GPs are set to see a much greater proportion of patients with serious illness if figures predicted in a new demographics study are correct.
Researchers said that the proportion of people living with a serious illness in England could increase to nearly 15% of the population in 10 years time, with the vast majority of patients being aged 50 and above.
Improvements in diagnosis in recent years coupled with better treatment options were said to explain the greater numbers of older people diagnosed with diseases like cancer and Alzheimer’s.
Furthermore, general improvement in life expectancy and longevity meant that despite downward trends in disease prevalance, an overall increase in the number of people aged over 50 will increase the proportion diagnosed with a serious illness in future.
The report from think tank The International Longevity Centre said: ‘Around 13.9% – an estimated 2.6 million people – aged 50+ are living with serious illness in England, with 3.1 million in the UK as a whole. If the current trend continues, the projected proportion of people living with serious illness could increase to 14.8% by 2025.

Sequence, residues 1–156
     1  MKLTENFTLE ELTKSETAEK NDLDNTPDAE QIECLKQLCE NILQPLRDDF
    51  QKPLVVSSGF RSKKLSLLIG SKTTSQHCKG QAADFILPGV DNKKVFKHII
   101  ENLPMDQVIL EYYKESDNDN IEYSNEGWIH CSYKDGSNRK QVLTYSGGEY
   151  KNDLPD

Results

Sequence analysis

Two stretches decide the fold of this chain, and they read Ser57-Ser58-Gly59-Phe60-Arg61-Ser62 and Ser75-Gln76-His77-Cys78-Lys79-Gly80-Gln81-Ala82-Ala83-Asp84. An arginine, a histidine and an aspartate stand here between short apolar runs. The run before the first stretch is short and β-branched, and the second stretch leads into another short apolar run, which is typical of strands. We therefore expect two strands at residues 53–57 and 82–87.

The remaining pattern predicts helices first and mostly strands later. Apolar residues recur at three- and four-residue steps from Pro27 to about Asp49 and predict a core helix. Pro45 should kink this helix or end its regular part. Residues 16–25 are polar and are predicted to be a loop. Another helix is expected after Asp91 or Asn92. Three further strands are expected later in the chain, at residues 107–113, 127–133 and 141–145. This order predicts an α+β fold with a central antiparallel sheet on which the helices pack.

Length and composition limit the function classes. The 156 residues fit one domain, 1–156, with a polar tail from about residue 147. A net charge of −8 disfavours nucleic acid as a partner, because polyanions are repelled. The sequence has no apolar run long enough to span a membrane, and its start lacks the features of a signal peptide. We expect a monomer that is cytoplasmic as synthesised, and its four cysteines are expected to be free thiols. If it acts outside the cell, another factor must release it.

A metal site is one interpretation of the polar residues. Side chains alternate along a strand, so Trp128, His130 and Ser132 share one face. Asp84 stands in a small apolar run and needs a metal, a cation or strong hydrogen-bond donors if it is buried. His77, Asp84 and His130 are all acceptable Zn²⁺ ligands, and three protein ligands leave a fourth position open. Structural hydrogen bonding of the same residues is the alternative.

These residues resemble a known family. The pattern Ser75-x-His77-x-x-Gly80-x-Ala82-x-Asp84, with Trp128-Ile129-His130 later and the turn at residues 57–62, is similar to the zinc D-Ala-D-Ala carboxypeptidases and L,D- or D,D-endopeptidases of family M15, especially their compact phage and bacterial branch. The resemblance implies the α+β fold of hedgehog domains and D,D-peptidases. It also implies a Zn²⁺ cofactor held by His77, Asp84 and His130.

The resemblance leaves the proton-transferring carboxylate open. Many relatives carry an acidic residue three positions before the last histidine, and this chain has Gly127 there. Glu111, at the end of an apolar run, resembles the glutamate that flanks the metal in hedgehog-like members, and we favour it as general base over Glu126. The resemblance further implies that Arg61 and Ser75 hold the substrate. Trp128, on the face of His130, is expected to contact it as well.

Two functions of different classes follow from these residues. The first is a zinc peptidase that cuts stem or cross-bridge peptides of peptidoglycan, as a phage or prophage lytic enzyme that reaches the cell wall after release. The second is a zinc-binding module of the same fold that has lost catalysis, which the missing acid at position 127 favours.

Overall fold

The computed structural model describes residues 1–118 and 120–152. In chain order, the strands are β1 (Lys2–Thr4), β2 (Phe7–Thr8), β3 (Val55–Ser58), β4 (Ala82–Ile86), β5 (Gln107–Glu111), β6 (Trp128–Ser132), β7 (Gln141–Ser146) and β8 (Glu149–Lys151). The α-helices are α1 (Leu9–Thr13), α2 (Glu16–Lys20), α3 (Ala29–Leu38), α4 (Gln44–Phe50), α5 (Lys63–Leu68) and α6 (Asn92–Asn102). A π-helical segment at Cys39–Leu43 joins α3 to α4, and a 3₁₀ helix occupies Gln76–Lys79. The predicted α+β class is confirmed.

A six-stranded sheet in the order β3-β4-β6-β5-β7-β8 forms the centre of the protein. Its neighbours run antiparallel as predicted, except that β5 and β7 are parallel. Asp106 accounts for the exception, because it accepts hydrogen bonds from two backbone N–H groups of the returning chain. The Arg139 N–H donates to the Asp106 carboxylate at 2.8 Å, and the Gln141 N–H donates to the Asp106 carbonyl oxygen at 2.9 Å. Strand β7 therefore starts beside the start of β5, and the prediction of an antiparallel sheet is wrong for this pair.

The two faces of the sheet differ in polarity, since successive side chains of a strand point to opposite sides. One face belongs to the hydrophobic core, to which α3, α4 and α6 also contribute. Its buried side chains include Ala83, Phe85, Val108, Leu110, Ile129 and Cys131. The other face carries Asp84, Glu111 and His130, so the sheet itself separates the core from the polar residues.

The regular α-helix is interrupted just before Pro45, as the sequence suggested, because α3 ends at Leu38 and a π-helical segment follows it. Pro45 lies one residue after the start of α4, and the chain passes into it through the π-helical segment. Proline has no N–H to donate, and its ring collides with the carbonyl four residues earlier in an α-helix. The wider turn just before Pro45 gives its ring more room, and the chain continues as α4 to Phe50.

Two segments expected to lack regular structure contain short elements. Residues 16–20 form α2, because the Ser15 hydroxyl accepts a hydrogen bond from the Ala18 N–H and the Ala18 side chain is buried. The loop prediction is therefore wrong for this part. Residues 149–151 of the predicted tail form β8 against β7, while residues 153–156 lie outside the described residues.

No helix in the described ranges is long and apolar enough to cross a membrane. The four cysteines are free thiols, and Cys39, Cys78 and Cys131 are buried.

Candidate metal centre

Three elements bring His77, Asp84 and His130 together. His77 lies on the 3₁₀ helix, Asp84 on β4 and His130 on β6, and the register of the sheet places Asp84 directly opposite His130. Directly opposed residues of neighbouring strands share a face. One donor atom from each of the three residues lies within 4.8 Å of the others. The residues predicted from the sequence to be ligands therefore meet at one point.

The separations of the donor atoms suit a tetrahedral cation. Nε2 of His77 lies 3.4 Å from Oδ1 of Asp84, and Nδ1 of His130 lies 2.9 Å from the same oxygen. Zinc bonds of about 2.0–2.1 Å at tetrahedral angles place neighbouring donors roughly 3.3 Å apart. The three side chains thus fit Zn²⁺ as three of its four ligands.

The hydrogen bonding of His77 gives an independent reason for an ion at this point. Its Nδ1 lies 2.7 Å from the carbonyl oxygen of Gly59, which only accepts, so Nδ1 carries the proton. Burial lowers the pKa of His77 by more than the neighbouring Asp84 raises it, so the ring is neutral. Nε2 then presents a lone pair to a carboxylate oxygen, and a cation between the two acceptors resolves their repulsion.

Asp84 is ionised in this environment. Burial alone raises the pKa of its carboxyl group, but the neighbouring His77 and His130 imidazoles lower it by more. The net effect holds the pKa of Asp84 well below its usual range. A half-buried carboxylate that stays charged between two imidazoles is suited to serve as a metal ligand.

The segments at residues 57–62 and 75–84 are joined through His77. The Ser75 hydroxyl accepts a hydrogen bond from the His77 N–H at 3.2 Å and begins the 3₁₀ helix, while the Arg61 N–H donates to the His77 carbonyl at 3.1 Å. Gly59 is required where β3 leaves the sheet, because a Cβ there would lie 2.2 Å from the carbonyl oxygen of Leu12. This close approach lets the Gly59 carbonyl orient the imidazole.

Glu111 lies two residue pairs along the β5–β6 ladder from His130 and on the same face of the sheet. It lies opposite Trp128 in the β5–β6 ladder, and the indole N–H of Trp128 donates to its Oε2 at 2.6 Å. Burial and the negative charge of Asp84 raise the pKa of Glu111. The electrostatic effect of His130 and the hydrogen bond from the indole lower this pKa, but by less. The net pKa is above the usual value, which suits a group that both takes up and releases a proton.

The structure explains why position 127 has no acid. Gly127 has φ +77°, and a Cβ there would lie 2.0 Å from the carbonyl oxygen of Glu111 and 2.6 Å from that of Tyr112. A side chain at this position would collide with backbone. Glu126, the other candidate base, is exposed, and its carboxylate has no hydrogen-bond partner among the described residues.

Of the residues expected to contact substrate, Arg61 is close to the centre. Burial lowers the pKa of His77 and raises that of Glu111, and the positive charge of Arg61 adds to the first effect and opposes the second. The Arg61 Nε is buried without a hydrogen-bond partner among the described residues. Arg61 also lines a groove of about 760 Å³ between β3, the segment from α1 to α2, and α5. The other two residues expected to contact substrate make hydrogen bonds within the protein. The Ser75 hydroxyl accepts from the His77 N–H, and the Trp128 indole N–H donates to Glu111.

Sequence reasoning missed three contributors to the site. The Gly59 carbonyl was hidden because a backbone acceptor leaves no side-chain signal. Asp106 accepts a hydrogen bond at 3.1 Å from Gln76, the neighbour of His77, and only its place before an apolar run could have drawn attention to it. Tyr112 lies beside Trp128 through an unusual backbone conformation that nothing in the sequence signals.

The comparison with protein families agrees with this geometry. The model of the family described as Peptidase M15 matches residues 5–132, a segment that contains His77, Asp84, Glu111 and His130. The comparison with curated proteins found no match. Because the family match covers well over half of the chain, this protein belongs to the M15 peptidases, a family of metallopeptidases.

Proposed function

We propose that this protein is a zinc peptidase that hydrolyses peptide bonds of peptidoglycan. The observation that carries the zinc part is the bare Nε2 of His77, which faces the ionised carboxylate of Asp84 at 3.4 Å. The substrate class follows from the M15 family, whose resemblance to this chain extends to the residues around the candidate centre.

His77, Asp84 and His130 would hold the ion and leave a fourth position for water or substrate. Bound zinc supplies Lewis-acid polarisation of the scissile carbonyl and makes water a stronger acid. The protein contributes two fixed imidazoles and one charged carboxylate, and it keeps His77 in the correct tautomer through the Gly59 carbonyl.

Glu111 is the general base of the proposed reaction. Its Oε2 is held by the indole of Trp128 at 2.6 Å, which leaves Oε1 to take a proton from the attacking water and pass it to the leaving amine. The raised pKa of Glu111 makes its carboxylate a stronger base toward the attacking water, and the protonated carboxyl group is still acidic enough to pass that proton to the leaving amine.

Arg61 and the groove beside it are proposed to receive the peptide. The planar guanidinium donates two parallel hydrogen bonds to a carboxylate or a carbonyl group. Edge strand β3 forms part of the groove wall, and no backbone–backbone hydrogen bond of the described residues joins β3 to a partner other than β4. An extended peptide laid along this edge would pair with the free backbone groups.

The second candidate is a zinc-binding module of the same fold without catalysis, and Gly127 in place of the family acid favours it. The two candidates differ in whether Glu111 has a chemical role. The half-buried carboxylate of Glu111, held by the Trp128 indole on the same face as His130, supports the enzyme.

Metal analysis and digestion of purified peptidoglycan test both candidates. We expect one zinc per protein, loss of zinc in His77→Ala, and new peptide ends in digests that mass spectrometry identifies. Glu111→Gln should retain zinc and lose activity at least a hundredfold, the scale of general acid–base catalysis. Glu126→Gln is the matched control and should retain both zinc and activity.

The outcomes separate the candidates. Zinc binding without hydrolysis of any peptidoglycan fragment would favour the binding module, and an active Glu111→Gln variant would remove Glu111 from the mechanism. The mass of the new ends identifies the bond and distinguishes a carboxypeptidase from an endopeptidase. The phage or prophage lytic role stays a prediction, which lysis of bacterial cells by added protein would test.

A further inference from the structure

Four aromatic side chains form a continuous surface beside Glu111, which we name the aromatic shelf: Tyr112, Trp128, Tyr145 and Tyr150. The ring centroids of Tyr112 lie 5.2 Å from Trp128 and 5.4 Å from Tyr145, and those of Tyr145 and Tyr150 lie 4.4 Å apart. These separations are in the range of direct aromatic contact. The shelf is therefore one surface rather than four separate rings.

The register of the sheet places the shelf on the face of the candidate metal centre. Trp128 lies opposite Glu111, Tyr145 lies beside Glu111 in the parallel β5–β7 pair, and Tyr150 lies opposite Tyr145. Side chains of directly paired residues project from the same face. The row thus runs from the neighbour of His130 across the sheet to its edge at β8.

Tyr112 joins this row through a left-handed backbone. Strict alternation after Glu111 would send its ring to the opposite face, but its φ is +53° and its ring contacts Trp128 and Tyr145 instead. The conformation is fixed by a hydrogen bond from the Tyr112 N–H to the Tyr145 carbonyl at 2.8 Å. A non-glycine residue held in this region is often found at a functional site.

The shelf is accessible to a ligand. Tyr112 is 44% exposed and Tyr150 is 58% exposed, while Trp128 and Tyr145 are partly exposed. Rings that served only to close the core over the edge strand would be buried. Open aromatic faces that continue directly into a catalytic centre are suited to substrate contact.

‘The total number of people aged 50+ with serious illness is likely to rise to 3.4 million in England and 4.0 million in the UK as a whole by 2025.
‘In an alternative model, if the trend continues of people being fitter for longer, the proportion of people aged 50+ with a serious illness could stabilise at 12.5% by 2021. In either scenario, our findings clearly indicate that the number of older people living with a serious illness will rise over the next 10 years.’
Although the report is thought to represent the first estimate for the overall prevalence of serious illness in England and the UK, researchers recommend that further research be conducted to include socio-demographic factors and more comprehensive data on illness prevalence.
NHS England has focused its five-year plan for the UK health service heavily around older people, including extending dementia support services and making more medical treatment available in care homes.